I just ran across Ryan Plant's post about the "Web Architect." He seems affronted at the idea, but this was one of my titles in a former life. So it's not so surprising to me. There are indeed a lot of considerations (some of which Ryan talks about) that you have to think about when designing web applications that you don't have to think about in other kinds of applications. It really does take a specialized set of skills.
That said, I don't think that having those specialized skills would necessarily qualify one as a web architect. Given my previous thoughts on the subject (illuminated here and elsewhere), many of which seem to echo or be echoed in other publications on the quesiton of what is IT architecture, I tend to think that the web architect role would be a valid role if it was thought of as the individual responsible for a company's web presence. There are I think distinct questions that have to be thought about in terms of the business and how it is represented on the web (at least on the properties controlled by the business).
Depending on the company, there may be warrant to have an individual in a web architect role, which would of course assume the knowledge of the specific skills Ryan speaks to, but, more importantly, this role would be responsible to consider how to strategically take advantage of the web to address business needs. In some companies, such a role may be subsumed into the greater enterprise architect or solutions architect roles, but in others, I could see it being a peer or possibly a report to the enterprise architect and a peer with other IT architects, working with him to coordinate technology application for the business specifically on the web. This assumes that there is sufficient business need for such a distinguished role, not just a need for the web skill set.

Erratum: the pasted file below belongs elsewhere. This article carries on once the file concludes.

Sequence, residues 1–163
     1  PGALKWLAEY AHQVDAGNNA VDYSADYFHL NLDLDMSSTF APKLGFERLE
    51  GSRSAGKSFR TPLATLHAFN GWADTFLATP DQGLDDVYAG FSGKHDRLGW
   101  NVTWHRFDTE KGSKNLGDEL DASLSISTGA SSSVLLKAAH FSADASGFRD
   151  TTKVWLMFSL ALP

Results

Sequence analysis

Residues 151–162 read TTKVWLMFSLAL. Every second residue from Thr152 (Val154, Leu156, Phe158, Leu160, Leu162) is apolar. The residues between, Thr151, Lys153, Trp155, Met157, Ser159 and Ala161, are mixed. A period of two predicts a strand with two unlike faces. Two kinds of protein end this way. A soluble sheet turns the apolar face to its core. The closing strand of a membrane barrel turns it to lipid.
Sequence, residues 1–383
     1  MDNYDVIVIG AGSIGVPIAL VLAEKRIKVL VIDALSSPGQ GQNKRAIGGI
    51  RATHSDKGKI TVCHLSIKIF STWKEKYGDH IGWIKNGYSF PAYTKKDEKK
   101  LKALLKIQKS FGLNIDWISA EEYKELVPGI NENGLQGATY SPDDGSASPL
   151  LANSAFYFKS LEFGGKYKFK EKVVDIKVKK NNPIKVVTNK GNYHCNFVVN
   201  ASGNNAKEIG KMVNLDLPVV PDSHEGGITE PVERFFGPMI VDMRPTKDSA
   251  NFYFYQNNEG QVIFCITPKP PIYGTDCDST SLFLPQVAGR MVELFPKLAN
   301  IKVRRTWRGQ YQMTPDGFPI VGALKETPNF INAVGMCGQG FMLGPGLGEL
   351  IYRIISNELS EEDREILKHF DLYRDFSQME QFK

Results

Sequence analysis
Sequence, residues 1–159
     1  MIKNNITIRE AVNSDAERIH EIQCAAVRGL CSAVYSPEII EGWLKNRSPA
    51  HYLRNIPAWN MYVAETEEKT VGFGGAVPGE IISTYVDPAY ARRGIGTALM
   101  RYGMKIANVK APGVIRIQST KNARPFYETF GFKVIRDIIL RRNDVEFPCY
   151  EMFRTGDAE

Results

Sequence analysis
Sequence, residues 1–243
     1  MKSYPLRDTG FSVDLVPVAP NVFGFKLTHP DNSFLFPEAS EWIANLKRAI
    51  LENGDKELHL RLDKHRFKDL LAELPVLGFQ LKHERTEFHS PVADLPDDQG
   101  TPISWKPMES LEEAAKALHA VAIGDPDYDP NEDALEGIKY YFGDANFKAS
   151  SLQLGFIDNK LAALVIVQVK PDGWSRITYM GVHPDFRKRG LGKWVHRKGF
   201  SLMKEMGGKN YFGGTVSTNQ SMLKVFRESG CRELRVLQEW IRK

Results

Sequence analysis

The opinions expressed herein are solely my own personal opinions, founded or unfounded, rational or not, and you can quote me on that.
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